Read the report on our main achievements in 2017, as well as developments for the year ahead.

All sponsors are able to use our new logos below on their web sites and promotional materials etc. The logos are coloured according to the level of sponsorship. A new logo will be issued each year.

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If your organisation would like to sponsor us, or if you have any questions about your current sponsorship, our work, or what sponsorship money goes towards, please contact  our Managing Director and Founder, Lars Bjørnshauge, directly: lars@doaj.org.

DOAJ and SCIENTIFIC KNOWLEDGE SERVICES partner to achieve broader support for Open Access to scientific literature

The new agreement underpins the Directory of Open Access Journals in its work to reach new members and generate more support and shows the strong commitment of  Scientific Knowledge Services  to the Open Science movement.

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DOAJ announces the agreement with Scientific Knowledge Services (SKS) as its exclusive agent in a selection of countries from the EMEA region (details below). Scientific Knowledge Services will be responsible for facilitating financial support to DOAJ and in this way contribute to the work of DOAJ to assess and promote quality, peer reviewed Open Access journals.

This agreement focuses on generating new members and sponsors for DOAJ from the countries listed below, and includes planning, marketing, market research, supervision, training, maintenance of a customer database, record-keeping, and reporting to the DOAJ.

The selection of EMEA countries is listed below:

Albania, Armenia, Austria, Azerbaijan, Belarus, Bosnia and Herzegovina, Bulgaria, Croatia, Czech, Egypt, Georgia, Germany, Greece, Hungary, Israel, Italy, Macedonia, Moldova, Montenegro, Poland, Portugal, Romania, Russia, Serbia, Slovakia, Slovenia, Spain, Switzerland, Ukraine.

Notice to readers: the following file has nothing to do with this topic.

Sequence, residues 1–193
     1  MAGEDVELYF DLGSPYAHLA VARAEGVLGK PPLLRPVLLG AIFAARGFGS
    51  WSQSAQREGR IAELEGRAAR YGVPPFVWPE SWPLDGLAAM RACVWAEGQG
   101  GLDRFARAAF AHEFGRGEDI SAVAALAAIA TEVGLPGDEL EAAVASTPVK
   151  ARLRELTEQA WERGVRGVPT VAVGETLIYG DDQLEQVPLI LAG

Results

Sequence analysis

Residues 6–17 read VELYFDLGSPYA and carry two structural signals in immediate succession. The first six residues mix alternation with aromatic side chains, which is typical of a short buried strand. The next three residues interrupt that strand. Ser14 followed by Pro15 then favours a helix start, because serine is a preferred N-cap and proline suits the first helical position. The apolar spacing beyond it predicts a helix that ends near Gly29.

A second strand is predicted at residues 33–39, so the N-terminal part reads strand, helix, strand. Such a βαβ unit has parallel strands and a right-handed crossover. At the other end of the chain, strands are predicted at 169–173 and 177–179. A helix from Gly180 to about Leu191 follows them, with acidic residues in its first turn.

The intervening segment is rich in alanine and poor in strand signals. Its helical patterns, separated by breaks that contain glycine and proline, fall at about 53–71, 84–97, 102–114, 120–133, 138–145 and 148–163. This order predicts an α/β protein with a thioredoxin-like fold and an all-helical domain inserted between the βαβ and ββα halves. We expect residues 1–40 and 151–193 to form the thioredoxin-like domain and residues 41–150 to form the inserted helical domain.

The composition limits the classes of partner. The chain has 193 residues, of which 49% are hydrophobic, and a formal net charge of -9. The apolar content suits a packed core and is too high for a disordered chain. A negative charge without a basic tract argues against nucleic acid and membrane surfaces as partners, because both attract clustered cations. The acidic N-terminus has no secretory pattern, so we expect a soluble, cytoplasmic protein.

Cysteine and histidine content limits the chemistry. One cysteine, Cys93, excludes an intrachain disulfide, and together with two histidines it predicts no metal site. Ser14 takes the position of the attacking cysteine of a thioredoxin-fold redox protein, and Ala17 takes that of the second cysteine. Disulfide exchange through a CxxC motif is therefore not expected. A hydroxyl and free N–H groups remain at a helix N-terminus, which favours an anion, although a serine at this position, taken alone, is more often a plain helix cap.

“We are pleased that SKS have partnered up with us”, says Lars Bjørnshauge, Founder and Managing Director of DOAJ. “We have great confidence in their solid knowledge, strong networks and good track record in the regions covered by this agreement,  as well as their ability to liaise efficiently with potential new members in these regions”.

Scientific Knowledge Services (SKS) is a Swiss company backed up by 20 years of experience in working with academic, public and research libraries, focusing on Open Science elements like Open Access (OA), Research Data Management (RDM) and Citizen Science, as well as licenses for online electronic resources. The Managing Director of SKS, Dr. Tiberius Ignat says: “We are strongly supporting Open Science and we believe that Open Access is a major component of modern research activities. We’ve been organising in Europe – for 3 years now – a series of workshops on Open Science with a great positive impact for local communities as well as international stakeholders. Our agreement with DOAJ came naturally in place. We also see this agreement as a recognition of our role in the Open Science landscape and it drives us to an even stronger commitment.”

 

About SKS